39. Always confirm prices of the foods you want before ordering in a local restaurants, without menus a clever waiter may add on a few extra pence to your bill.
40. Always try and bargain. Although it might seem cheap to you, if you pay a much higher than local price it will only inflate future prices for future tourists. Just imagine how much your children might pay in 2040 if we all pay more than we should…
41. Getting a bike is the easiest way to get off the beaten track and create your own adventures.
42. If you are not feeling a place then just move on. Everyone might tell you ‘this place is amazing’ or ‘you’ll love it here.’ But you’ll soon get to know which kind of places suit your interests, don’t be afraid to move on early if you’re not feeling it and everyone else is.
43. Keep your plans loose, the best adventures always come from the spontaneous.
44. Don’t blindly follow guide books the whole time or you’ll likely end up following everyone else on the trail. They are great starting points in a new place but after a few days somewhere put it down and follow your eyes, nose and ears and create your own adventures.
45. Get rid of anything in your backpack you don’t use, send it home or give it away. Your back will thank you some day in the future.
46. Occasionally treat people you meet to something nice like a dinner, this flames the fire of the traveller circle of life. Someday someone will buy you dinner (so many people bought us dinner on this trip and wouldn’t let us pay a penny).
47. Forget about keeping your clothes clean, just embrace the hippy state of dirty traveller chic.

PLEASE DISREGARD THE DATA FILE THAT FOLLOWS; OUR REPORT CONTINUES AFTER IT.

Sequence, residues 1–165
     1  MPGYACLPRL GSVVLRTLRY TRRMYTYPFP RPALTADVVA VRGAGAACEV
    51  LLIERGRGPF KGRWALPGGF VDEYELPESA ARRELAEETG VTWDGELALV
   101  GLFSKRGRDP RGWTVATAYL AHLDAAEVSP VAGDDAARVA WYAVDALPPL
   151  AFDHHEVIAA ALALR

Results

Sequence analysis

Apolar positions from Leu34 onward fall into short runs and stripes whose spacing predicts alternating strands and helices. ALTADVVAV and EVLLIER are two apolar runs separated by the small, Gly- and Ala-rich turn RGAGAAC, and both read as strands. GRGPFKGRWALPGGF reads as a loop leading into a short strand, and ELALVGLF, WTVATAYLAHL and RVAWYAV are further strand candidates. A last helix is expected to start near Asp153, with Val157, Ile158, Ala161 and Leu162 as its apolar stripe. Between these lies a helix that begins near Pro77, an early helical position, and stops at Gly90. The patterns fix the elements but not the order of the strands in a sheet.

48. Although we have met many cool people, don’t except to meet as many people as you thought before leaving. Being a traveller couple in our 30s means we generally bond with couples like us, normally in more remote places. We missed the travel party experience of partying our way across Asia’s cheap dorms in our 20s, I guess we’re just getting old!
49. Although you shouldn’t expect a spiritual epiphany, there is something inspiring about living a completely new existence where you meet new people everyday, explore cultures and observe spellbinding sights. We feel like travel will change the direction of our lives, hoping to mimic the attitudes of some of the amazing people we’ve met in Mongolia, China and SE Asia. Perhaps the learning is just beginning.
50. The most important thing we learnt is that travelling is not as scary as it first seems. People are basically the same in all countries and there is human spirit to look after each other that is so easy to spot once you leave the safety net of home. Whether you start with smaller trips or plan something a bit longer you can't help but be amazed by the spirit of people.